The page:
Nov 16, 2009
Eat dry leaves for your health
by: Bev

While traveling in Morocco, I got a case of diarrhea. Our guide procured some dry "Moroccan green tea" leaves (I think it is actually a certain variety of Chinese green tea) in the dried form of little pearls. He gave me the tea and instructed me to swallow two or three teaspoonfuls with as little water as possible just to get it to go down.

It worked like a charm - very quickly and completely - my previously recurring, miserable symptoms disappeared. I have used it several times since for severe indigestion and nausea and again had very satisfactory results.

My theory is that the tea leaves expand, and thoroughly absorb everything in their path. From stomach to colon, they cleanse and carry a lot of contaminants right on out of the body. Like a sponge, soaking up and clearing out bacteria, mucous and acid.

After waiting an hour or two for the tea to do its job, then you should hydrate once again by drinking plenty of water.

Feb 02, 2010
Batchy and Annoying
by: Hater

You people should stop being batchy and
annoying and just face the fact.
What a bitch fight. Gosh

Aug 01, 2010
by: Abel

The bottom Paragraph of the page in this link may be true:

Green Tea Medical Benefits

Aug 09, 2010
Eating fresh
by: teaguy

I've grown tea now for several years. I pick the young tender leafs and use them like chewing tobacco and I do eat them as well (fresh). With all these comment on green tea I hope this practice is healthy for me. I guess I'll find out. How about fresh green, is it safe.


Aug 19, 2010
by: Anonymous

Why not just make the tea and add it to your smoothies in place of water? That way, it is brewed, and you still don't have to taste it.

Aug 26, 2010
Tea leaves
by: Anonymous

I do, and in Burma its, tomatoes,cabbage, and its really tasty. But the thing is my parents told me if I eat a lot, it could cause constipation, but don't eat a lot. I have to say I'm rather addicted even though its bitter.i still love it.

Sep 20, 2010
by: Thomas J.

I thought this was a very helpful article and comment section; however, it still leaves me standing in the middle with uneaten white tea leaves in my cup. So, I think it's best to stick with merely sucking on the leaves for a minute and then getting rid of them. I've yet to experience negative effects from doing this. Contrarily, I have been feeling great, and I don't think it's worth the risk to soak up every drop.

Nov 13, 2010
Hater is a troll
by: Anonymous

LOL. enuff said.

Nov 14, 2010
by: TriedtheTrial

Why do you say "trial and tested"?

Do you mean the phrase "tried and tested"? That's what everyone else says....

Nov 15, 2010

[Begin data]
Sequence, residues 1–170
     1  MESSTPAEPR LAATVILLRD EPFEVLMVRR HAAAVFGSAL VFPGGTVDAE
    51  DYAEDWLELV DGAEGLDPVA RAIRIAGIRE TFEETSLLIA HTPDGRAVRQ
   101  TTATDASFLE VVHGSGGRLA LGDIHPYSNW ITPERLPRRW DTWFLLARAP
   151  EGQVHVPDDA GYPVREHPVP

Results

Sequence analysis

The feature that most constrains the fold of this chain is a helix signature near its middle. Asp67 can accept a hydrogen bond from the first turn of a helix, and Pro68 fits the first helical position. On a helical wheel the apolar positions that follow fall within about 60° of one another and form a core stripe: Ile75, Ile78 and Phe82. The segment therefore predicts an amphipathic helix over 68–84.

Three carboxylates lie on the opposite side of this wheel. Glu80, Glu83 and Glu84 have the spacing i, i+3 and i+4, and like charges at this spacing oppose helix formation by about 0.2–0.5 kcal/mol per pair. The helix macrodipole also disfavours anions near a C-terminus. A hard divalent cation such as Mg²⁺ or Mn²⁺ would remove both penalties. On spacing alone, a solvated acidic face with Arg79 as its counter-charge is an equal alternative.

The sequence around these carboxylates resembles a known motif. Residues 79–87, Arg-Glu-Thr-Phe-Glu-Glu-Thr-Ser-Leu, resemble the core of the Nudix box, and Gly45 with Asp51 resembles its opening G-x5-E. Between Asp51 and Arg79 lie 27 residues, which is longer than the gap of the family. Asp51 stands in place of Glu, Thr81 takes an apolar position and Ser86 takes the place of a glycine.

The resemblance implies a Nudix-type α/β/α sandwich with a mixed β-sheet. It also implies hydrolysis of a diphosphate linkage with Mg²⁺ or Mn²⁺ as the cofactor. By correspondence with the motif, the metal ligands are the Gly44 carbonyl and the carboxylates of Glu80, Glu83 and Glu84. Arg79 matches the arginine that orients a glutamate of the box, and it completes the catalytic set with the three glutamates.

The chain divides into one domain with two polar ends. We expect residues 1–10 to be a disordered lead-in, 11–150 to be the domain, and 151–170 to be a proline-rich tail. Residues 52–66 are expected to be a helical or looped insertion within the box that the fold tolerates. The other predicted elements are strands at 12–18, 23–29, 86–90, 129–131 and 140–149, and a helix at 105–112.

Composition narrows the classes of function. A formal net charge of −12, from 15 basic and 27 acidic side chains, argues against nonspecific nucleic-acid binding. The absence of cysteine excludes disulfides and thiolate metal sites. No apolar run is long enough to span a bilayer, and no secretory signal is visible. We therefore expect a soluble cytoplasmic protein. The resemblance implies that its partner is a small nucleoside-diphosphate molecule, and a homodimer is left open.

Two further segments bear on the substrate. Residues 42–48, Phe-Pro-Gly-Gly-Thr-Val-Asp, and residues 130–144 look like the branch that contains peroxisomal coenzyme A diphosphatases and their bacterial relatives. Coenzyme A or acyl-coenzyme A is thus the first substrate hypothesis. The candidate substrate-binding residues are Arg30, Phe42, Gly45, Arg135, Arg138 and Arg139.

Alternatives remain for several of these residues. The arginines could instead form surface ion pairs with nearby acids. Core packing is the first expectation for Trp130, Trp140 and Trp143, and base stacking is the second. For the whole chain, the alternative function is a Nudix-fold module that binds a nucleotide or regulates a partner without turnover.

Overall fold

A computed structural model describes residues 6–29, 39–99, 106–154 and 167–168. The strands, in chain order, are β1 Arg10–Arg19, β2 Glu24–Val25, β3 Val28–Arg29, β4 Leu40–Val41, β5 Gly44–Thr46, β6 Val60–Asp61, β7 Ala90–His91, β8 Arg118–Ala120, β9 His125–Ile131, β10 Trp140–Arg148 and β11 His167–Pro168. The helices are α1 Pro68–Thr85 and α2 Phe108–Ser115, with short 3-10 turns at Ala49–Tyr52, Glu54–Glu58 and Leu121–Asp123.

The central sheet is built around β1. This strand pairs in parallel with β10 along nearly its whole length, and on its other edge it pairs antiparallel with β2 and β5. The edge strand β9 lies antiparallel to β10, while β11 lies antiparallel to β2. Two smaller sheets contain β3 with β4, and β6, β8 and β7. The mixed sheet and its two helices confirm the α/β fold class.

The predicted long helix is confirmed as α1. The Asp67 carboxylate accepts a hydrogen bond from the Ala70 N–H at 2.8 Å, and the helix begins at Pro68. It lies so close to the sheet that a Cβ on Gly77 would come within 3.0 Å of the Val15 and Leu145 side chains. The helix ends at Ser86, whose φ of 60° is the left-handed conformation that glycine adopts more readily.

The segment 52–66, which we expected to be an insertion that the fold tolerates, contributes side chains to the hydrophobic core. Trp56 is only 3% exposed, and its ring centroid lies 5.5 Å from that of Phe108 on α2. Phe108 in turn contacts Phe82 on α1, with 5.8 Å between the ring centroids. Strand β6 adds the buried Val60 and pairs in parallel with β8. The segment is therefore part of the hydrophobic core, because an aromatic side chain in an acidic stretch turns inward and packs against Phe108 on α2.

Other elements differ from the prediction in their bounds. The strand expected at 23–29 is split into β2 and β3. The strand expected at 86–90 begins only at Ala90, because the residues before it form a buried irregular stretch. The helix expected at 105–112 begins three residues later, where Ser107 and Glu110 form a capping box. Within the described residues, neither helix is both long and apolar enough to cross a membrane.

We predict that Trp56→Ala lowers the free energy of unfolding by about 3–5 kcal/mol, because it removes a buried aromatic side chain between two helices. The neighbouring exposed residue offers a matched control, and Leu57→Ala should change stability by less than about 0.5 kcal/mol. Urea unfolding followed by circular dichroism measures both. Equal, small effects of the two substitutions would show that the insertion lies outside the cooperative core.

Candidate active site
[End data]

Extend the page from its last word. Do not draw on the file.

Dangers of chewing tea leaves
by: Tina

Effects and dangers of tea leaves.

Nov 15, 2010
Dangers of chewing tea leaves
by: Anonymous

Been chewing and eating tea leaves without mixing them in hot water. I do consume alot of it to an extent at times I don't believe that I finished a whole box of tea bags in 2 days which contains 75 tea bags of tea leaves.

I do tie them up and pour in my mouth and I actually feel great after chewing. I have done this for almost a year now.

What bad effects or dangers could or can this bring??. The only thing I can now notice is that I bleed a lot when am in my periods. It takes almost a week.

Will I ever have kids in future? How about my lungs, kidneys and so forth. Please I need your help on this?

Dec 30, 2010
by: mattlant

Green tea leaves are eaten, a lot, in the east. Matcha is just one example, finely ground green tea leaves. According to wikipedia (hence another ref on the page) the ingestion of matcha can potentially give 137x the benefits of steeped green tea!

I know there is some difference between the two, mainly preperation, but still, I would imagine that is is safe to eat/drink.

I take green tea that i would normally steep in a bag, grind it in a mortar and pestle, and steep that, and usually end up drinking 2/3rd the leaves. I will say this, it sure is tastier, much stronger green tea!

One important quote that is worth reprinting: "The aforementioned health benefits of matcha green tea can largely be attributed to the fact that the whole tea leaf is ingested, as opposed to just the steeped water in the case of 'bagged' green teas"


Jan 24, 2011
Green tea
by: Anonymous

You could boil it like you do normal tea, just use less water. Then add it to a smoothie.

Apr 28, 2011
Eating Tea Leaves
by: Jaeny@

That is indeed a good reason to not consume tea leaves on a daily basis. Taking tea as it is in a cup of hot water and maybe a bit of lemon or honey to taste, not only is good for our health, it also helps us relax.

May 11, 2011
How about smoking it?
by: Amanda

I too hate the taste of tea no matter how much honey or sugar I add. So I had this idea what if I smoked it or baked it like you do with weed. I found many other people who had this idea and some who had actually tried it, but know one could answer this question:

Do you still get the benefits, ie: antioxidants for your immune system, phytochemicals for your bones, and whatever lowers your risk of cancer, heart attack, stroke, and blood clots?